Your carburettor may also be too loose.
To fix a loose carburettor, you simply need to tighten it. If you suspect that your carb bowl is blocked, then you will need to clean it with a carburettor cleaner to fix the issue, always ensure not to overtighten the bowl when you put it back in place.
Next up on our list is the fuel in your mower. Fuel can start to go bad in your mower quickly, and when left for a long time will start to partially evaporate which can cause residue to build-up and block the lawnmower from getting enough fuel during use, causing it to die unexpectedly or even not start at all in some cases.
The good news is, in most cases, this issue is pretty easy to fix and will require you to drain this old fuel out and put new petrol in. We also recommend adding a fuel stabiliser to prevent residue from building up in the future when left in your mower.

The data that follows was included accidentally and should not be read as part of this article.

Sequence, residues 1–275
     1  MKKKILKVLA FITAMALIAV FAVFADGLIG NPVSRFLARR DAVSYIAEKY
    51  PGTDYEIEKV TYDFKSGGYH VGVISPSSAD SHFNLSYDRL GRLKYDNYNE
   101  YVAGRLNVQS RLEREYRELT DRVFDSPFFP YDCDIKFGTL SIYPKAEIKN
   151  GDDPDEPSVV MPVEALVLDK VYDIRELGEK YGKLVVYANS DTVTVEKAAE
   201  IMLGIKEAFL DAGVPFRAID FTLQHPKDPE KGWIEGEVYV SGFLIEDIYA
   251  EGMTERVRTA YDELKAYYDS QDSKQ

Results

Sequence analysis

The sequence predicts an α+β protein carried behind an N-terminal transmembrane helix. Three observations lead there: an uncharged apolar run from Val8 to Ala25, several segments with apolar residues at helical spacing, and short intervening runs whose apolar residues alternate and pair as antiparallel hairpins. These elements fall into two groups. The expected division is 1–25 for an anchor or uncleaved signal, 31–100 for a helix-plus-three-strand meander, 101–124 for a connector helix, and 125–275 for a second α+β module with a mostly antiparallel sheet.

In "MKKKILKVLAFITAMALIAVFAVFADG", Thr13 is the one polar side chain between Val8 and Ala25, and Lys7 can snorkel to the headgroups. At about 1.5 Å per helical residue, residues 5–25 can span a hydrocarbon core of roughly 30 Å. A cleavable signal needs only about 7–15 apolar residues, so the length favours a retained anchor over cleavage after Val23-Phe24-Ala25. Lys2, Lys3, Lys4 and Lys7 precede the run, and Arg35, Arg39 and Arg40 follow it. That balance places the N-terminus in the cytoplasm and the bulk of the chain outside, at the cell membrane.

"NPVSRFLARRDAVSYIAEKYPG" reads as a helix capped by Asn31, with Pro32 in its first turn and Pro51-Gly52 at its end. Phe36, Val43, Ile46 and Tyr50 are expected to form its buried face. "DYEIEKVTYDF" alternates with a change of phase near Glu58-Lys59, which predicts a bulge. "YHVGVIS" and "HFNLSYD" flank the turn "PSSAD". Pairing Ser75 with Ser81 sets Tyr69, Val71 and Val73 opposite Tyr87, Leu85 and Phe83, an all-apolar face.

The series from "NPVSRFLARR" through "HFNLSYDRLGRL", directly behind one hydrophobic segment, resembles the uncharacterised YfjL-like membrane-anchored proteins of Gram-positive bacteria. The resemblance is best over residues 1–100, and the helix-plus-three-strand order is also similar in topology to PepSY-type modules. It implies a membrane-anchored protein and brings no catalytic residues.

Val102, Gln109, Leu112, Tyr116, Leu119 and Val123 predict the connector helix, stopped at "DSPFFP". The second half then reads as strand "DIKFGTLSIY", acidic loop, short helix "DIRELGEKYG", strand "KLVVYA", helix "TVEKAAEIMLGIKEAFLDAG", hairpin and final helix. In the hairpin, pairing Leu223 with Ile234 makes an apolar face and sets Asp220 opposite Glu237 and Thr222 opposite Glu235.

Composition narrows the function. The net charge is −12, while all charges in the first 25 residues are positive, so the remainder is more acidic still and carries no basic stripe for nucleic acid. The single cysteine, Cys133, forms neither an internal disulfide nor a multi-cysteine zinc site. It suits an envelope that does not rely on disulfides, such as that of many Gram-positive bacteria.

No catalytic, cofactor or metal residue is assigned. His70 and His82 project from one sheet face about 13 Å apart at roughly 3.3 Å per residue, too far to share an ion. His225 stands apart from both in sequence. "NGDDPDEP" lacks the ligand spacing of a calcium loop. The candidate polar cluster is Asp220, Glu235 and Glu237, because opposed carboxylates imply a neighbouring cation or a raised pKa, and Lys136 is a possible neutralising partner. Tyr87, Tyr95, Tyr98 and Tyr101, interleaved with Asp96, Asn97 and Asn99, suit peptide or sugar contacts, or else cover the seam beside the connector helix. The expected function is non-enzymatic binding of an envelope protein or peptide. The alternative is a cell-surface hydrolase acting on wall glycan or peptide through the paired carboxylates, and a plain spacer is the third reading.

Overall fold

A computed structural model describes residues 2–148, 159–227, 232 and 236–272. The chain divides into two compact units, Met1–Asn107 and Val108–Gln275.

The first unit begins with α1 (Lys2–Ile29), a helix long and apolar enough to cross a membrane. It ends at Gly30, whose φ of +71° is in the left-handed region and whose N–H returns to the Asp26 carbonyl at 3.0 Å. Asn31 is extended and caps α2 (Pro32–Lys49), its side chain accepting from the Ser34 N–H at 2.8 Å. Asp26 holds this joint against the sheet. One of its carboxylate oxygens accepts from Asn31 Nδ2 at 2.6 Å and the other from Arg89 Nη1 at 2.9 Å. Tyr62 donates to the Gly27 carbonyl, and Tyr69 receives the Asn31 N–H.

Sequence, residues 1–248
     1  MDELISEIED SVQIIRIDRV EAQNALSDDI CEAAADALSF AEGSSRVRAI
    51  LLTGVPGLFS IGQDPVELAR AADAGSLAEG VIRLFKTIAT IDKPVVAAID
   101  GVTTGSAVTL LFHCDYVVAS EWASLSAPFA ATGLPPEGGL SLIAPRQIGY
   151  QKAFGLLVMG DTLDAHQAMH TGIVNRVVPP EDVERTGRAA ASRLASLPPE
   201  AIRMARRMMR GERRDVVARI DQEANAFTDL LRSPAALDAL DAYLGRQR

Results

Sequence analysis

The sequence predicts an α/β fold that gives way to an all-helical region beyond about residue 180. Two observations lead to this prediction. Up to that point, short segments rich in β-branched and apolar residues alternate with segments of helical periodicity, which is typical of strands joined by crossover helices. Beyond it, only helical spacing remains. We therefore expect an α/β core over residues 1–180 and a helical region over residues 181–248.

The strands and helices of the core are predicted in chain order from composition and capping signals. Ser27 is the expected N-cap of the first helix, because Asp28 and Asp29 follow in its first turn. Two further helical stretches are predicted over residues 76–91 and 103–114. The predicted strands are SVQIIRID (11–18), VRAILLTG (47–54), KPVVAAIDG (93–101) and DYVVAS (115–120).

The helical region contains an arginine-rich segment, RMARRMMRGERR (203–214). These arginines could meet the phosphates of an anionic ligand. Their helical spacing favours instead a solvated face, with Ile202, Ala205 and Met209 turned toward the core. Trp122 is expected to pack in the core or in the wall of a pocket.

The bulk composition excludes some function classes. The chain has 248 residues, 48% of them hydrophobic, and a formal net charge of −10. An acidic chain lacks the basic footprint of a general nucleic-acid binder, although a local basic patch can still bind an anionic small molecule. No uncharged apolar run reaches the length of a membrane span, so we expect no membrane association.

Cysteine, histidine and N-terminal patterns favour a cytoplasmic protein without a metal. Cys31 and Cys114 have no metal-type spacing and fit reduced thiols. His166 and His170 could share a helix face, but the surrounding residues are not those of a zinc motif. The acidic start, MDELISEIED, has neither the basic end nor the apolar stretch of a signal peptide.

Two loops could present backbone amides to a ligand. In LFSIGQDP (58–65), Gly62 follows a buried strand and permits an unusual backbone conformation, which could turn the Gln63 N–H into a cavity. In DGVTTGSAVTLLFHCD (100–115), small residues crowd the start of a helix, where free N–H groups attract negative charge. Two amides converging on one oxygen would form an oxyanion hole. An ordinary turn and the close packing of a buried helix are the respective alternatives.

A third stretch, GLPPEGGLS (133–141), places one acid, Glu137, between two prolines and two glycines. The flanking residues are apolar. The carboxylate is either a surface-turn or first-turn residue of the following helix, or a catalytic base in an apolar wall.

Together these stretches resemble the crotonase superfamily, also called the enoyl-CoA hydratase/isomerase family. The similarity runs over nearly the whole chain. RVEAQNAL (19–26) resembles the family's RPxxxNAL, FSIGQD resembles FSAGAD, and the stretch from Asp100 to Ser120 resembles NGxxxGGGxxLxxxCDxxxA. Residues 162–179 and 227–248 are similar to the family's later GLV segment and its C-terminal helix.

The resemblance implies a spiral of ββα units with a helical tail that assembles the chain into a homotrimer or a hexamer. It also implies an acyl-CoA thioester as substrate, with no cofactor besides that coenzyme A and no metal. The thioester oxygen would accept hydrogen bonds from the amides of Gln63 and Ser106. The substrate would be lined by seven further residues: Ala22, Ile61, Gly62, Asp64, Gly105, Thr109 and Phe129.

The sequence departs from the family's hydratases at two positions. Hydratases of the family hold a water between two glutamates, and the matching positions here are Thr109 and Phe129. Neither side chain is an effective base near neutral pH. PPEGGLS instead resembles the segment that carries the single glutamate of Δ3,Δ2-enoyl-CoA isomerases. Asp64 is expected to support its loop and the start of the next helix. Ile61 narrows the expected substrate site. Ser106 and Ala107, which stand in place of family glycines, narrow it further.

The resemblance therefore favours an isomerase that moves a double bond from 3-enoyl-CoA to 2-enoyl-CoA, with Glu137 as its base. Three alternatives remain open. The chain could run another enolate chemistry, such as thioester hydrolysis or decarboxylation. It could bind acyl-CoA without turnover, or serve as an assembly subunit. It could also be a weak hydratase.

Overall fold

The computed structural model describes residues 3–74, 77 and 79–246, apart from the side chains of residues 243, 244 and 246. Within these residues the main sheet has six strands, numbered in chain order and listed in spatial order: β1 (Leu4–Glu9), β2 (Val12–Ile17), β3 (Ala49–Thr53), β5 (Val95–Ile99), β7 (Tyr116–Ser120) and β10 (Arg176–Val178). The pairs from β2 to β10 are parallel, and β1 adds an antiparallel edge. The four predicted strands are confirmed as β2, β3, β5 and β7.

We can all get a little carried away with our mower maintenance sometimes and end up over-filling the oil reservoir of our mower. Some symptoms of this problem are white smoke or start-up issues.
To fix this issue, drain the excess oil and see if it solves your problem, to stop it from happening again you should pour your oil slowly and use a dipstick to measure it out.
A spark plug is essential to starting-up your mower as it makes the spark between the fuel and gas to power the lawnmower on, when this plug becomes damaged or dirty, it can give start-up problems with your lawnmower.
Check the spark plug for any signs of damage or carbon build-up.